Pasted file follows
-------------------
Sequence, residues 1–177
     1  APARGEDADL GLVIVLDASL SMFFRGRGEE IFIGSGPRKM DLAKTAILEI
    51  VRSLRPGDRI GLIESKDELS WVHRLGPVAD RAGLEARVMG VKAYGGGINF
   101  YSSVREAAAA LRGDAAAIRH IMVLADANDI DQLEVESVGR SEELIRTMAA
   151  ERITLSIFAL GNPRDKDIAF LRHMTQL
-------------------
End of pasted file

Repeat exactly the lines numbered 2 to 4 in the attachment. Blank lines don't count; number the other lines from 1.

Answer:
     1  APARGEDADL GLVIVLDASL SMFFRGRGEE IFIGSGPRKM DLAKTAILEI
    51  VRSLRPGDRI GLIESKDELS WVHRLGPVAD RAGLEARVMG VKAYGGGINF
   101  YSSVREAAAA LRGDAAAIRH IMVLADANDI DQLEVESVGR SEELIRTMAA